Building personal character through drama

Building personal character through drama is easy with many of its interactive processes:  planning, rehearsing, devising, evaluating, and critiquing others.  During the acting process, actors must interpret, analyze, discuss, and imitate the character traits of the roles they play in a given story.  Additionally, other skills such as making and keeping commitments, improving audience behaviors which impact the specific behaviors of others, listening, and responding with empathy are key to the art form.   These skills apply to areas beyond drama and serve to promote positive character development.  You will find that drama tools will equip the students with valuable life skills.

Our chart below outlines drama's use in building personal character.  The chart lists the dynamic traits that directly influence the development and presentation of dramatic work.  These traits have been divided into two categories:

  • INTERPERSONAL: Interpersonal traits directly impact communication with others such as a team or partner.
  • INTRAPERSONAL: Intrapersonal traits impact an actor’s self visualization, awareness, and definition.


Character TraitsPracticesDrama Connections
Adapting to changes in people and circumstances.
  1. Adapting personal ideas to those of the group.

  2. Making changes in a drama based on new circumstances (e.g. new problems in completing the task, adding new actors to partially completed work, etc.).

  3. Enacting characters that display this trait.
Showing kindness and concern for others.
  1. Working with group members who might not understand the project, remember the story, or comprehend the ideas.

  2. Teaching someone else a basic skill.

  3. Enacting characters that display this trait.
Thinking things through.
Reasoning, solving, analyzing.
Thinking creatively and critically.
Visualizing the end goal.
  1. Thinking through the best way to handle an interpersonal team problem.

  2. Brainstorming.

  3. Imagining the whole, completed drama or idea.

  4. Participating in the moments of “think” time.
Taking risks.
Facing problems squarely.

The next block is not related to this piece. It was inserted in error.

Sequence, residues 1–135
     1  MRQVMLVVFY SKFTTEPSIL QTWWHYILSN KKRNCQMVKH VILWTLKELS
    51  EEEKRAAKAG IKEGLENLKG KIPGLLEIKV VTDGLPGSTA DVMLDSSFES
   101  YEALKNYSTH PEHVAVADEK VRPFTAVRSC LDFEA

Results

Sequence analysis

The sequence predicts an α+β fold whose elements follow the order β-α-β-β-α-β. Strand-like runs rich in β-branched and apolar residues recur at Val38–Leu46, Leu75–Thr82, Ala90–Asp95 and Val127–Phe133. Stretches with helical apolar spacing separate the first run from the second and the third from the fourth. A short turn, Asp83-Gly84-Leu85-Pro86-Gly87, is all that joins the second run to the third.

1. Working with teammates who are not close associates.

  2. Taking risks with the body, mind, and/or voice in a drama presentation.

  3. Enacting stories about people who take risks.

  4. Enacting “heroic” characters.

  5. Identifying teammates who take risks in the drama.
Acting truthfully.
Refusing to take unfair advantage of others.
  1. Evaluating personal behaviors.

  2. Enacting stories where characters demonstrate this trait.

  3. Responding to teammates in a truthful way.

  4. Owning up to mistakes in interpersonal or other behaviors.
Taking responsible action without prompting.
Demonstrating leadership.
  1. Solving team problems without the assistance of the instructor.

  2. Assisting others without being asked.

  3. Guiding the team planning process without prompting.
Making a commitment.
Keeping a commitment.
  1. Following through on the team plan even if personal ideas were not used and/or rejected.

  2. Praising team members in a thoughtful manner.
Being positive.
  1. Planning, practicing, and presenting a drama with enthusiasm and/or confidence.

  2. Praising self and others.

  3. Looking for and finding solutions without negativity.
Working toward a goal even in the face of difficulties.
Using conflict resolution strategies.
  1. Working through teacher made obstacles to complete a drama.

  2. Working through group or time obstacles to complete a drama.

  3. Enacting and discussing the methods characters use to overcome their conflicts.
Showing consideration and regard for self and others.
  1. Using language in the planning and practicing of a drama that demonstrates respect.

  2. Discussing the characters being played in regards to the verbal and nonverbal language used in order to communicate interpersonal respect or lack of it.

  3. Analyzing character traits in enacted stories that demonstrate respect or lack of respect.
Being accountable for personal actions.
  1. Demonstrating self-management techniques: controlling space, showing off, listening, etc.

  2. Completing a job responsibility for the drama: researching, creating the story, directing, memorizing a role, memorizing the story and/or actions, supplying a prop or costume.

  3. Acknowledging personal actions that hindered or helped the group process.
Letting actions communicate reliability and believability.
  1. Participating in drama trust exercises.

  2. Discussing the interpersonal responsibility of each member of the drama team.

  3. Demonstrating and discussing actions that earn and retain trust from teammates.

You can download a PDF of the table herepdf icon.

We designed our lessons to assist building personal character through drama.  We've made it simple for you to implement in your class: JOIN today and see!

Grade Level